VIDEO How Much Is Enough

He who loves silver will not be satisfied with silver; nor he who loves abundance, with increase. This also is vanity. Ecclesiastes 5:10

John D. Rockefeller was America’s first billionaire, a goal he attained in the early 1900s. At the peak of his wealth, at age 74, he was worth more than $300 billion in current dollar values. (Today’s richest persons have wealth approaching $100 billion.) On one occasion a reporter asked Mr. Rockefeller, “How much money is enough?” He is said to have replied, “Just a little bit more.”

King Solomon’s wealth made Rockefeller’s look small by comparison. Although it’s impossible to say exactly, estimates put Solomon’s wealth at more than $2 trillion. Yes, this is the same man who wrote that money can never satisfy. The love of gold and silver as a source of satisfaction is “vanity,” the famous king wrote in Ecclesiastes. That means it is a fruitless pursuit, one that can never bring temporal or eternal contentment or peace. Jesus said that the best treasures are those laid up in heaven rather than on earth—treasures that will last forever (Matthew 6:19-21).

Only heavenly treasures can bring the peace and contentment which we seek.

Everlasting life is a jewel of too great a value to be purchased by the wealth of this world.  Matthew Henry

The More You Have, The More You Want


I have loved you with an everlasting love; I have drawn you with unfailing kindness. Jeremiah 31:3


That exclamation came from my daughter as she got ready one morning. I didn’t know what she meant. Then she tapped her shirt, a hand-me-down from a cousin. Across the front was that word: “Lovable.” I gave her a big hug, and she smiled with pure joy. “You are lovable!” I echoed. Her smile grew even bigger, if that was possible, as she skipped away, repeating the word over and over again.

I’m hardly a perfect father. But that moment was perfect. In that spontaneous, beautiful interaction, I glimpsed in my girl’s radiant face what receiving unconditional love looked like: It was a portrait of delight. She knew the word on her shirt corresponded completely with how her daddy felt about her.

How many of us know in our hearts that we are loved by a Father whose affection for us is limitless? Sometimes we struggle with this truth. The Israelites did. They wondered if their trials meant God no longer loved them. But in Jeremiah 31:3, the prophet reminds them of what God said in the past: “I have loved you with an everlasting love.” We too long for such unconditional love. Yet the wounds, disappointments, and mistakes we experience can make us feel anything but lovable. But God opens His arms—the arms of a perfect Father—and invites us to experience and rest in His love.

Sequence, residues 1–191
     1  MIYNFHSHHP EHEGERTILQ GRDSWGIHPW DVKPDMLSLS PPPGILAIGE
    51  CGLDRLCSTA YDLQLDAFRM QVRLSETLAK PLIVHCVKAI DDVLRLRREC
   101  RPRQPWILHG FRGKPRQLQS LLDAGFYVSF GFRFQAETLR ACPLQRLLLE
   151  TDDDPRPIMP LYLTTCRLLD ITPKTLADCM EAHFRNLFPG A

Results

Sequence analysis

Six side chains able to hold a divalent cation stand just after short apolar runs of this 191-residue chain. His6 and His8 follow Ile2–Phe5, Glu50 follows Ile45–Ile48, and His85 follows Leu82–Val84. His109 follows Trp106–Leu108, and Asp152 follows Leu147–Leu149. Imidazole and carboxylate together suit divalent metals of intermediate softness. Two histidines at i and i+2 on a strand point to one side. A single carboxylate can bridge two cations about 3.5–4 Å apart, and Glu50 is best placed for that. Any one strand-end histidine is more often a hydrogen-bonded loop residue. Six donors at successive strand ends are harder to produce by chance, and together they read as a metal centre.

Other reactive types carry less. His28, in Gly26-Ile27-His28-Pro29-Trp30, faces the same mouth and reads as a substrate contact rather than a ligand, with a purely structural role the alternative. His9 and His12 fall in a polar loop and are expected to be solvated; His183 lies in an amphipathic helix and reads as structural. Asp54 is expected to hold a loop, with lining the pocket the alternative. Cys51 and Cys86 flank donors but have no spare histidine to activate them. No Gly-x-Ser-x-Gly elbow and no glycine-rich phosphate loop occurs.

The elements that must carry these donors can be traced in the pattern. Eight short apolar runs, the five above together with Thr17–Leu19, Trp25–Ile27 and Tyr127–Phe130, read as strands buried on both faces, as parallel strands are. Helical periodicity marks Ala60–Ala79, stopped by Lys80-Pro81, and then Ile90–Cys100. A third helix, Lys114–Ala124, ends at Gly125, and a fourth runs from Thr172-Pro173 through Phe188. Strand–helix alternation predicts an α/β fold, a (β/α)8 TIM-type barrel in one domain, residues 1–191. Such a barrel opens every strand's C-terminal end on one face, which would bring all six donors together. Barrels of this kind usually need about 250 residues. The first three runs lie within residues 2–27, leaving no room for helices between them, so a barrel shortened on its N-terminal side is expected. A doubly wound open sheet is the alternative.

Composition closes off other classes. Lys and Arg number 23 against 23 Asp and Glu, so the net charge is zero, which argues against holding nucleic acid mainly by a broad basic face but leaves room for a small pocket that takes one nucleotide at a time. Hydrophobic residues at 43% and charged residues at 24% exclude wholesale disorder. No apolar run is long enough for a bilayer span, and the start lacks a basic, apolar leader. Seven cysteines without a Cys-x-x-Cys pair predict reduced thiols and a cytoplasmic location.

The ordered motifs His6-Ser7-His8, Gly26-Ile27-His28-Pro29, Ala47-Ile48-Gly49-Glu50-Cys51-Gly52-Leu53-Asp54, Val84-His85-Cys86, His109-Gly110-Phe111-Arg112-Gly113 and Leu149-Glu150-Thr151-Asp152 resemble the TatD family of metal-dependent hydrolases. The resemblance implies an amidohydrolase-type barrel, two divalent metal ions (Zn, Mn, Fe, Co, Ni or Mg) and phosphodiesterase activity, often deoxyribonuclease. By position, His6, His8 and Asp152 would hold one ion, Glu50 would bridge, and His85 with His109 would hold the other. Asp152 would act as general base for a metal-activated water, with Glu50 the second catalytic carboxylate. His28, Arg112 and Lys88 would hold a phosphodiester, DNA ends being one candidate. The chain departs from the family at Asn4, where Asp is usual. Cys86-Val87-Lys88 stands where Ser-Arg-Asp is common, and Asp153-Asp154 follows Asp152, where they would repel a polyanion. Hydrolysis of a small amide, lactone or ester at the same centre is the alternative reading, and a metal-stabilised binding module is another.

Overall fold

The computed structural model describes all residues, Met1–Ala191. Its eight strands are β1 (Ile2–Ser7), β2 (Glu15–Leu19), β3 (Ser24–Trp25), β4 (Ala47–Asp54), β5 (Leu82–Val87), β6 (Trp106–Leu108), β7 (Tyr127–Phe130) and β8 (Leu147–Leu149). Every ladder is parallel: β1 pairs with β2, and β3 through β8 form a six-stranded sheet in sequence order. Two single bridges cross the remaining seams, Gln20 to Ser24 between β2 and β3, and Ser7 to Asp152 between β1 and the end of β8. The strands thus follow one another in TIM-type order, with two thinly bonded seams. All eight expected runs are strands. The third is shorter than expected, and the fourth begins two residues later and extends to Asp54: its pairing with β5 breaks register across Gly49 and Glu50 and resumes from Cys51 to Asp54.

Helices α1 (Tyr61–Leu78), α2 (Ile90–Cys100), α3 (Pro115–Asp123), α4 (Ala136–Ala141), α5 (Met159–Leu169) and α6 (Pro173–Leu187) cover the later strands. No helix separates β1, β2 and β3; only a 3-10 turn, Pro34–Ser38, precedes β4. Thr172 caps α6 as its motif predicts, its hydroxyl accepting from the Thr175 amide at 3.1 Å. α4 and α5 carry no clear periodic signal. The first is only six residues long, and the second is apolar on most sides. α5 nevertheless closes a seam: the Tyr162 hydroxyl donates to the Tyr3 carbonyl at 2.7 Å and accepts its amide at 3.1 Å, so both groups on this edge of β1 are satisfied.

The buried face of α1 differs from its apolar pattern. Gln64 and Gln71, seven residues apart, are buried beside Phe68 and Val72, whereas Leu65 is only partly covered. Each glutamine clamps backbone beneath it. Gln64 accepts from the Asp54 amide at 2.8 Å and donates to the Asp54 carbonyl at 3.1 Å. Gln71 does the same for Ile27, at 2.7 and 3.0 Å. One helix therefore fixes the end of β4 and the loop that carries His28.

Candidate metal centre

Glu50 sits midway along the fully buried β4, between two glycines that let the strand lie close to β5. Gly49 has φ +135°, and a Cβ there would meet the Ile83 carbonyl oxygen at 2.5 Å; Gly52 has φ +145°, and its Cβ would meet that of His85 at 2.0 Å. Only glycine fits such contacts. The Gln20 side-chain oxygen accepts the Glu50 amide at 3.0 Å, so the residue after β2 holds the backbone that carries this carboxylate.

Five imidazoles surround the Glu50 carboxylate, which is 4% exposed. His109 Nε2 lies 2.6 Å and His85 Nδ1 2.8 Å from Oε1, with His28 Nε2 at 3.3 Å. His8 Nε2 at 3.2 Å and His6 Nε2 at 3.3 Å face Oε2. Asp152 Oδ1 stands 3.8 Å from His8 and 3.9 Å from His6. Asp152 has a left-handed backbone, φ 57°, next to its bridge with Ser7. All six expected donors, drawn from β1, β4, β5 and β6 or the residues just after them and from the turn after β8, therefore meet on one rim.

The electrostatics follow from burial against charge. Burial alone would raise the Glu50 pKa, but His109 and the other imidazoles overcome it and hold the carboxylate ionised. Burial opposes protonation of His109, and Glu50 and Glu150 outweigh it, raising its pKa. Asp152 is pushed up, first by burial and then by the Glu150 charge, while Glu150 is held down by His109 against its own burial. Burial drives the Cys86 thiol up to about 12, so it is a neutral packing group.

Lord, hard things in our lives can tempt us to believe we are unlovable. But You say otherwise. Please help us to receive the life-transforming gift of Your everlasting love for us.

No one loves us like our Father.

By Adam Holz 


Much of the book of Jeremiah deals with the prophet’s anguished appeal for God’s people to turn back to Him. Those pleas were ignored, making judgment inevitable. But God’s love is relentless, and in chapters 30–31 Jeremiah gives hope to the remnant who would live through the coming invasion. “The people who survive the sword will find favor in the wilderness,” God said (31:2). This “favor” would show up in ways the scattered survivors likely thought no longer possible. What the invading horde destroyed, God would rebuild, causing the people to “take up [their] timbrels and go out to dance with the joyful” (v. 4). Their farmers would plant fruitful vineyards (v. 5). No longer would watchmen cry out in warning, but would instead call the people to Zion (Jerusalem) for worship (v. 6).

When we begin to understand the scope of God’s love, we can accept His correction and learn from it. As we embrace His everlasting love, we find that God’s discipline is for our good and is proof that we are His children (see Hebrews 12:5–7).

Do you see God as our gentle and loving heavenly Father? In what ways have you sensed His loving correction?

Tim Gustafson

Having Peace With One Another

2 Corinthians 13:11

As Christians, we have a special relationship with each other because of our union with Jesus. You’ve probably experienced this if you’ve met a stranger with whom you sensed a bond and soon discovered that you were both Christians.

Scripture calls us to be a source of encouragement and help to our brothers and sisters in Christ, yet most of us know at least one believer with whom we have more conflict than comfort. Perhaps our personalities don’t mesh, or we have different convictions that sometimes result in arguments. The problem could also be a matter of miscommunication or misunderstanding.

Whatever our natural differences may be, we can overcome them through Jesus Christ and live in peace with one another. Instead of building walls, we can express grace to others in the following ways:

Prayer. Make it a habit to lift up the other person in prayer to the Father.

Communication. Discuss the relational issue openly and honestly. Clear up any incorrect assumptions and uncover the source of conflict. Be willing to share concerns and listen to the other point of view.

Counsel. To work though the conflict, it may sometimes be necessary to enlist the aid of a godly counselor.

Restoration. Once the root issue is resolved and harmony is restored, both parties should agree to address new conflicts promptly as they arise.

God calls us to live in peace, and He has provided everything we need to obey Him. When we allow His indwelling Holy Spirit to control us, His goodness and grace will flow through us to others, creating harmony.

Best, Asking in Jesus’ Name

“And whatsoever ye shall ask in my name, that will I do, that the Father may be glorified in the Son.” (John 14:13)